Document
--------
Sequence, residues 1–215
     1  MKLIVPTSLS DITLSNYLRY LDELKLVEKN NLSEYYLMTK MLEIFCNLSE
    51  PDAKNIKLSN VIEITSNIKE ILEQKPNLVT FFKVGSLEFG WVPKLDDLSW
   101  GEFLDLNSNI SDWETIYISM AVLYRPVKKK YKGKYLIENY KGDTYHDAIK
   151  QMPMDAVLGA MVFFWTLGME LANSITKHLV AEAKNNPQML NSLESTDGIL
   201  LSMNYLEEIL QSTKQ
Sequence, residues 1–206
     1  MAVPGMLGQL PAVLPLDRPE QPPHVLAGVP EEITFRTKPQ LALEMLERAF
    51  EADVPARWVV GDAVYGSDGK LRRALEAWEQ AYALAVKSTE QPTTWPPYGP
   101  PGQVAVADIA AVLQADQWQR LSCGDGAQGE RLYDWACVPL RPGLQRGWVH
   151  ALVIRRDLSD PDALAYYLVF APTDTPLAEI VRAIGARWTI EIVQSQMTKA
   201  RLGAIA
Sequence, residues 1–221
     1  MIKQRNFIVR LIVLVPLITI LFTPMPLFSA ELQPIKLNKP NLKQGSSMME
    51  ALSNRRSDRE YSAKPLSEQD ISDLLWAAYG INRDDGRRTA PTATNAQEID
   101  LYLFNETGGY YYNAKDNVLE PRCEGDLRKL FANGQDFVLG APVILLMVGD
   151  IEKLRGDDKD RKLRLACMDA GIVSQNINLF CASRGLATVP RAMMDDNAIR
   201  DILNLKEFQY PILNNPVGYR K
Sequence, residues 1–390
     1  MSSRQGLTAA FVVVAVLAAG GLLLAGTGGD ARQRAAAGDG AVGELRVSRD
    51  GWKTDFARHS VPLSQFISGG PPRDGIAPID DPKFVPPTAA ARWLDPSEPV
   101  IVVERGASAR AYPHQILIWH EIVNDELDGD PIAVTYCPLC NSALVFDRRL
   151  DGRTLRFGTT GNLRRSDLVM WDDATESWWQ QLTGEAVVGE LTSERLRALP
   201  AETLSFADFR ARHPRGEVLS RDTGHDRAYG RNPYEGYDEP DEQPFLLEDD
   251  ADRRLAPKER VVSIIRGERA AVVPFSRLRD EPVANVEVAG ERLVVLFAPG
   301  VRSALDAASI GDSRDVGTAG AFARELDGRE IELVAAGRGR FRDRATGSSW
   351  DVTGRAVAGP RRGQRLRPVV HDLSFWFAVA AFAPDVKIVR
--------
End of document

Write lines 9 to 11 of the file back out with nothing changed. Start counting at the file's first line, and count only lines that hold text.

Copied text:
    51  EADVPARWVV GDAVYGSDGK LRRALEAWEQ AYALAVKSTE QPTTWPPYGP
   101  PGQVAVADIA AVLQADQWQR LSCGDGAQGE RLYDWACVPL RPGLQRGWVH
   151  ALVIRRDLSD PDALAYYLVF APTDTPLAEI VRAIGARWTI EIVQSQMTKA